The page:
posted by wheat at 12:45 PM on December 21, 2006

Second the Ching, it was my first year architecture school biible, and while not a history book will give you a good idea about the basic elements of architectural design. Then read any of the history books suggested above.
Alexander, while fascinating to a designer, isn't really a good starting point for a novice.
posted by signal at 1:40 PM on December 21, 2006

Am i the only person here who's not a big fan of A Pattern Language? It's one way of looking at design, but fails to understand a phenomon such as Shanghai. Look at S, M, L or Delerious NY by Rem Koolhaus as a counterpoint to A.P.L.
posted by DenOfSizer at 1:42 PM on December 21, 2006

The Ten Books of Architecture of Vitruvius. What else do you need?
posted by yesno at 1:53 PM on December 21, 2006

I read From Bauhaus to Our House by Tom Wolfe years ago and seem to remember it being a very accessible read.

The copy I bought 2nd hand had real photos inside of buildings around my city that the previous reader thought matched what Wolfe was talking about. Nice.
posted by meech at 2:20 PM on December 21, 2006

I agree with many of the suggestions here, but you need to give us a better idea of why you're interested, what you want to learn, and how you learn best. It's hard to compress a 9-year educational process into a book suggestion without more specificity, but rest assured it's a fascinating topic whatever your angle. Anyway:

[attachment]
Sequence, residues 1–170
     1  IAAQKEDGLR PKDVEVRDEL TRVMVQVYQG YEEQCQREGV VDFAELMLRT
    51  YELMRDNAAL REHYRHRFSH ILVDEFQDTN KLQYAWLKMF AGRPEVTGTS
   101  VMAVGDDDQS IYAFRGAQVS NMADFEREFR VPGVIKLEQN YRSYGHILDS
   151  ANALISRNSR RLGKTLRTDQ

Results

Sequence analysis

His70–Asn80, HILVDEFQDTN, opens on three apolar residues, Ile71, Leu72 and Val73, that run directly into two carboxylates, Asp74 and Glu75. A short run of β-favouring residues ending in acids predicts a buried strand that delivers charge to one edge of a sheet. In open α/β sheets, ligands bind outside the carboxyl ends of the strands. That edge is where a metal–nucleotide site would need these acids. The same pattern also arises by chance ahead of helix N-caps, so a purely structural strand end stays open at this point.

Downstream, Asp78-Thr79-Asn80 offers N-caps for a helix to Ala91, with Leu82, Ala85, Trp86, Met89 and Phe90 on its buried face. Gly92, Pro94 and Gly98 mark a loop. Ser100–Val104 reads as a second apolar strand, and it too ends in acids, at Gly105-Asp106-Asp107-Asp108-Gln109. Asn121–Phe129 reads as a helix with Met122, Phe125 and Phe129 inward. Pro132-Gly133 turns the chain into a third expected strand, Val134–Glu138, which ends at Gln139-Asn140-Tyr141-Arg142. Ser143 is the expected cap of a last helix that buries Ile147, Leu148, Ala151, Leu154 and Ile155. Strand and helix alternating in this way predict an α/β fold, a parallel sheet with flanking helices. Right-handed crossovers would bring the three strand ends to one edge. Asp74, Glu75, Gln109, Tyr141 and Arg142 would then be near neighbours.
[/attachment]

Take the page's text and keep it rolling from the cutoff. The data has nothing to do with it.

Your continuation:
Design, construction, engineering, development, law, business?
Contemporary, recent, old, or ancient?
Design practice or design theory?
Small, medium, large, or macroscopic?
Words, pictures, or drawings?
People, history, evolution, ideas?
Vernacular or high design?
Big names & masterpieces or works specific to your region?
Interior, exterior, landscape, urban, suburban, rural?

BTW I wouldn't recommend Vitruvius, he's a bit boring and his theories weren't broadly applicable even in classical Rome.
posted by Chris4d at 5:08 PM on December 21, 2006

Yeah, Vitruvius is a historical souvenir, not much more. Interesting, but not really a good base for understanding contemporary architecture.
posted by signal at 7:55 PM on December 21, 2006

I second Architecture by Trachtenberg and Hyman. Just had an architectural history course, and this book is pretty good.
posted by luckypozzo at 8:34 PM on December 21, 2006

Concept Sourcebook, by Edward T White, is an amazing book if you can find it for cheap. I bought mine on e-bay after I oggled a friend's copy. It focuses on basic architectural elements and how they can be arranged for various functions and effects. Which sounds boring but it isn't - it has amazing hand-done illustrations and very thoughtful text. I am not an architect and I find it quite inspiring.
posted by mai at 9:00 PM on December 21, 2006